Case controversies – Article III Section 2 Clause 1
President’s power – Article II Section 2 Clause 2; Article II Section 3
Amendment procedure – Article V
Appellate jurisdiction – Article III Section 2 Clause 2
Appointment power – Article II Section 2 Clause 2
Appointments, temporary – Amendement XVII Section 2
Apportionment of representatives – Article I Section 2 Clause 3; Amendment XIV Section 2
Appropriations(s) – Article I Section 8
Arms, right to bear – Amendement II
Army – Article II Section 2 Clause 1
Assembly, right of – Amendement l
Authors – Article I Section 8 Clause 8
to top of Subject Index
B
Bail, excessive – Amendement 8
Bankruptcy, Congress, power – Article I Section 8 Clause 4
Bill of Rights (Amendments 1-10) – Amendments I-X
Bills – Article I Section 7
Bills of attainder – Article I Section 9 Clause 3; Article I Section 10 Clause 1
Borrowing, Congress, power – Article I Section 8 Clause 2
to top of Subject Index
C
Cabinet officers, reports – Article II Section 2 Clause 1
Census – Article I Section 2 Clause 3
Chief Justice, role in impeachment trials – Article I Section 3 Clause 6
Commander in Chief – Article II Section 2 Clause 1
Commerce, Congress, power – Article I Section 8 Clause 3
Commission of officers – Article II Section 3 Clause 5
Compact – Article I Section 10 Clause 3
Congress
annual meetings – Article I Section 4 Clause 2;
declaring war – Article I Section 8 Clauses 11-14
legislative proceedings – Article I Section 5 Clause 2
members, compensation and privileges – Article I Section 6 Clause 1;
organization – Article I Section 1
powers – Article I Section 8; Amendement XII
special sessions – Article II Section 3
Congressional Record (Journal) – Article I Section 5 Clause 3
Constitution, purpose – Preamble
Contracts, interference by states – Article I Section 10 Clause 3
Controversies, court cases – Article III Section 2 Clause 1
Conventions – Article V;VII; Amendement 21 Section 3
Copyrights & patents, Congress’ power – Article I Section 8 Clause 8
Counsel, right to – Amendement 6
Counterfeiting, Congress’ power to punish – Article I Section 8 Clause 6
Courts – (see Judiciary)
Criminal proceedings, rights of accused – Amendement 5; Amendement 6
Currency, Congress’ power – Article I Section 8 Clause 5
to top of Subject Index
D
Defense, Congress’ power – Article I Section 8
District of Columbia – Article I Section 8 Clause 17; Amendement XXIII Section 1
Double jeopardy – Amendement V
Due process of law – Amendement V; Amendement XIV Section 1
to top of Subject Index
E
Electoral College – Article II Section 1 Clause 4; Amendement XII; Amendement XXIII Section 1
Equal protection of laws – Amendement 14 Section 1
Equity – Article III Section 2 Clause 1; Amendement 11
Ex post facto laws – Article I Section 9 Clause 3; Article I Section 10 Clause 1
Extradition of fugitives by states – Article IV Section 2 Clause 2
to top of Subject Index
F
Fines, excessive – Amendement VIII
Foreign affairs, President’s power – Article II Section 2 Clause 2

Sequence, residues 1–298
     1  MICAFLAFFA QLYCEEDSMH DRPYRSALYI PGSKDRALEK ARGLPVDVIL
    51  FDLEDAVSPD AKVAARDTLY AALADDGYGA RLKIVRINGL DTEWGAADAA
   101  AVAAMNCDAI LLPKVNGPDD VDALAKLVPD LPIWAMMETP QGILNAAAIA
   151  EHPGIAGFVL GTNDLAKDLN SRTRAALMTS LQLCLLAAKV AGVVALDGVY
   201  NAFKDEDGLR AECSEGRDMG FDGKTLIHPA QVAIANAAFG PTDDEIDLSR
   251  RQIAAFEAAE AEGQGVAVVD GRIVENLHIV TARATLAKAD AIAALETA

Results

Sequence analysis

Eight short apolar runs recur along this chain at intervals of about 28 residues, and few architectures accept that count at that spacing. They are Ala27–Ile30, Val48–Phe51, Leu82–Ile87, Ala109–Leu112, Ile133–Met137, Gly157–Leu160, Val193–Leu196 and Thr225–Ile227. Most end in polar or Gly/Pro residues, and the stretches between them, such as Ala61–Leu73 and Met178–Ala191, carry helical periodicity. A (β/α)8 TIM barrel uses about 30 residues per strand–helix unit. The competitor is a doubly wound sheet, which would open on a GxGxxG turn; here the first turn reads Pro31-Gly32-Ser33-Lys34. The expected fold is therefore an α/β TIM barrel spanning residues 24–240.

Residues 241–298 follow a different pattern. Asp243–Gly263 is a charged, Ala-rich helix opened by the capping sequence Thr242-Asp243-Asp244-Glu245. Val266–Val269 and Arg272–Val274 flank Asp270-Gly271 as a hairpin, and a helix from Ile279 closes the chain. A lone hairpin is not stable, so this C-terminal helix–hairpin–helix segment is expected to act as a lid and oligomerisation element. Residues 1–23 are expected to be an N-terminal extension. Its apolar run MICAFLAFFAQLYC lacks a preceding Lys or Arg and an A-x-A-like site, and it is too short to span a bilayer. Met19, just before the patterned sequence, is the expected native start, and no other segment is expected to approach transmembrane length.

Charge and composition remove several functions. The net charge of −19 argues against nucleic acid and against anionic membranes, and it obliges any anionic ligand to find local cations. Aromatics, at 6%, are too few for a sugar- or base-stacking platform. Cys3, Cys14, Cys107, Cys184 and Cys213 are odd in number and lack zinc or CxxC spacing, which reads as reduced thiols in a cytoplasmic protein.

Foreign commerce, Congress’ power – Article I Section 8 Clause 1
Full faith and credit” clause – Article IV Section 1
to top of Subject Index
G
General welfare, Congress’ power – Article I Section 8 Clause 1
Grand jury indictments – Amendement V
Grievances, redress of – Amendement I
to top of Subject Index
H
Habeas corpus – Article I Section 9 Clause 2
House of Representatives
election to & eligibility for – Article I Section 2 Clause 2
members’ terms of office – Article I Section 2 Clause 1; Article I Section 6 Clause 2
Speaker of – Article I Section 2 Clause 5; Amendement 24; Amendement 25
special powers
impeachment – Article I Section 2 Clause 5
Presidential elections – Article II Section 1 Clause 3; Amendement 12
revenue bills – Article I Section 7 Clause 1
states’ representation in – Article I Section 2 Clause 1; Article I Section 2 Clause 3
vacancies – Article I Section 2 Clause 4
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I
Immunities (see Privileges and immunities)
Impeachment
officials subject to – Article II Section 4
penalties – Article I Section 3 Clause 7
power of, lodged in House – Article I Section 2 Clause 5
reasons – Article II Section 4
trials, Senate – Article I Section 3 Clause 6
Indians, commerce with, Congress’ power – Article I Section 8 Clause 3
Inhabitant (see Resident) – Article I Section 2 Clause 2; Article I Section 3 Clause 3
International law, Congress’ power – Article I Section 8 Clause 3
Inventors – Article I Section 8 Clause 8
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J
Judiciary
inferior courts – Article I Section 8 Clause 9; Article III Section 1
judicial review – Article III Section 2 Clause 2
jurisdiction – Article III Section 2 Section 2
nomination & confirmation of judges – Article II Section 2 Clause 2
Supreme Court – Article III Section 1
terms of office & compensation – Article III Section 1
Jury trials – Article III Section 2 Clause 3; Amendment VI; Amendment VII
to top of Subject Index
L
“Lame duck” amendment – Amendment XX
Liquor – Amendment XVIII; Amendment XXI
to top of Subject Index
M
Marque and reprisal, letters of – Article I Section 8 Clause 11
Men (see Persons)
Militia (Military) – Amendment II; Amendment V
congressional powers – Article I Section 8 Clause 15
presidential powers – Article II Section 2 Clause 1
Money – Article I Section 8 Clause 5-6
to top of Subject Index
N
National debt – Article VI Clause 1
Native Americans (see Indians)
Naturalization – Article I Section 8 Clause 4
Navy – Article I Section 8 Clause 13-14; Article II Section 2 Clause 1
“Necessary and proper” clause – Article I Section 8 Clause 18
Nominate – Article II Section 2 Clause 2; Amendment XXV